When I was twenty-five my family went to Austin for the Fighting Irish versus the longhorns football game. A handful of my older brother’s friends met up with us. I’d been having a conversation with one of them — I’m a pretty sarcastic girl, and those who know me are amused by this as they should be because I mean it in good fun, but those who don’t aren’t so much. This one didn’t know me. All of the sudden he comes out with God, you’re bitter. I don’t even remember what I’d said that prompted him to say this, except that whatever I’d said, I hadn’t meant for it to be so sarcastic that it offended.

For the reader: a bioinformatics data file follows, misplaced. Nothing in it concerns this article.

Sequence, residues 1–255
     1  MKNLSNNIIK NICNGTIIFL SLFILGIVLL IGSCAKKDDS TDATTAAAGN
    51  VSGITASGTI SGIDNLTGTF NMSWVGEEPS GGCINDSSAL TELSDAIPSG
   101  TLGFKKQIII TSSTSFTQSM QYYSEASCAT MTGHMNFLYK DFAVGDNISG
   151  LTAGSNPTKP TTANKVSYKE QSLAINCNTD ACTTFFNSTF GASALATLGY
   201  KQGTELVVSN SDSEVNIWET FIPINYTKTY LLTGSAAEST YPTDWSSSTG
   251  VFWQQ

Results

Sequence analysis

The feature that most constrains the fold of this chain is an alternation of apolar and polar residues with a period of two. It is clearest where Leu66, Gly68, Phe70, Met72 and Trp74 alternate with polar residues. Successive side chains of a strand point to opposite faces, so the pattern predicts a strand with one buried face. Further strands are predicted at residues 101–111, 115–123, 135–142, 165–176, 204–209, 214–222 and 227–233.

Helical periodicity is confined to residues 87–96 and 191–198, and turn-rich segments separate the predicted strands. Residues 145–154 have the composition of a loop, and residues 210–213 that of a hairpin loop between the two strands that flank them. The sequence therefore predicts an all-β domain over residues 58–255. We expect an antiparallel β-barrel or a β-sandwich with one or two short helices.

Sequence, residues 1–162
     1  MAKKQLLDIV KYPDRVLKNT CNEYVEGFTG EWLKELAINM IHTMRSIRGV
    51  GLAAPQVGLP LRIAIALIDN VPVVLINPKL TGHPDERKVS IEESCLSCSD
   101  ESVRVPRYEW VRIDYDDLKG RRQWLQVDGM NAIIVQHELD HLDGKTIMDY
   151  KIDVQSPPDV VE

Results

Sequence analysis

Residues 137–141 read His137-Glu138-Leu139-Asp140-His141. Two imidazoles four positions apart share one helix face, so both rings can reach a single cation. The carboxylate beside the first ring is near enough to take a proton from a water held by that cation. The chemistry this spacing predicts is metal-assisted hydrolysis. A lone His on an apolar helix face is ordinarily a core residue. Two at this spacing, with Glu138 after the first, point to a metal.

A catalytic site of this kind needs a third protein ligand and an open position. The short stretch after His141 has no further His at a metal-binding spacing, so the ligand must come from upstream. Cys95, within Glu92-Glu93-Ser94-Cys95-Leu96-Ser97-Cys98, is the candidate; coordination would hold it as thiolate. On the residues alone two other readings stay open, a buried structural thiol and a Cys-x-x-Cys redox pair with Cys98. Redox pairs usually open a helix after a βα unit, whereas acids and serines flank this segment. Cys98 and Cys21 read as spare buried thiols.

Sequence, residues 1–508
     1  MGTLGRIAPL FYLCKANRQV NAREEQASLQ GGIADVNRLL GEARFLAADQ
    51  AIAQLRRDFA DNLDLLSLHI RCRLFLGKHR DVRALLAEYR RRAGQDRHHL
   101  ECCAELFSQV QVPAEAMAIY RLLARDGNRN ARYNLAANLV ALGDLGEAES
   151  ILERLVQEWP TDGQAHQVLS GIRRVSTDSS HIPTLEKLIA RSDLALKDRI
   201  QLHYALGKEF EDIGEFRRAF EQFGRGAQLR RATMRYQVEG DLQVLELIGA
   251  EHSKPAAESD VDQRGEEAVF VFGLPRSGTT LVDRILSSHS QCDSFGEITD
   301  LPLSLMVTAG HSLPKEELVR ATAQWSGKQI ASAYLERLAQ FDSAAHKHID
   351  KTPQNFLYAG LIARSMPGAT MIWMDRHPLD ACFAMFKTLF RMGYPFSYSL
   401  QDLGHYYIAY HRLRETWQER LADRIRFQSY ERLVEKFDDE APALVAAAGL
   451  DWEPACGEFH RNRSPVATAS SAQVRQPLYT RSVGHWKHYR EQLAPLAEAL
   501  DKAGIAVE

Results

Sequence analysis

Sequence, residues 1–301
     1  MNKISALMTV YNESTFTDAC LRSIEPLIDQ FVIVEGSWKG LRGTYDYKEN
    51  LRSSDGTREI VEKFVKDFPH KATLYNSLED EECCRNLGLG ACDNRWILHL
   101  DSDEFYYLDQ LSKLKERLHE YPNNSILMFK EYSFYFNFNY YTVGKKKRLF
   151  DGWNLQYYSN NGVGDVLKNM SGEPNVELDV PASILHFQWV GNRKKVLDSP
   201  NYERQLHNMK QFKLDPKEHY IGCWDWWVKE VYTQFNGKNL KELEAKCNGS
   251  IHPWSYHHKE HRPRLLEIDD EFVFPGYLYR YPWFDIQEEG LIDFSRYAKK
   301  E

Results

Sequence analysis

Flash forward. I thought of this conversation today. Of this friend of my brother’s.
Today, I was a prime example of bitter hag. Ugly with it.
This is what happens when I don’t give into wrath.
I bitched at an employee — an elderly woman who works in the floral department (What a lovely job that must be. Really. Happy and thoughtful) — for not washing her hands after using the restroom before returning to work. I snarled at the library staff because printing a single sheet of paper is more of an inconvenience and challenge than I think it ought to be. God forbid I should consider that they don’t have to offer such a service. I don’t have a printer hooked up to my mac. My mother’s printer, at the time, was not communicating with her computer, and my father’s computer was off limits so I had to borrow someone else’s. That it doesn’t work like I want it to do so was, apparently, a criminal offense.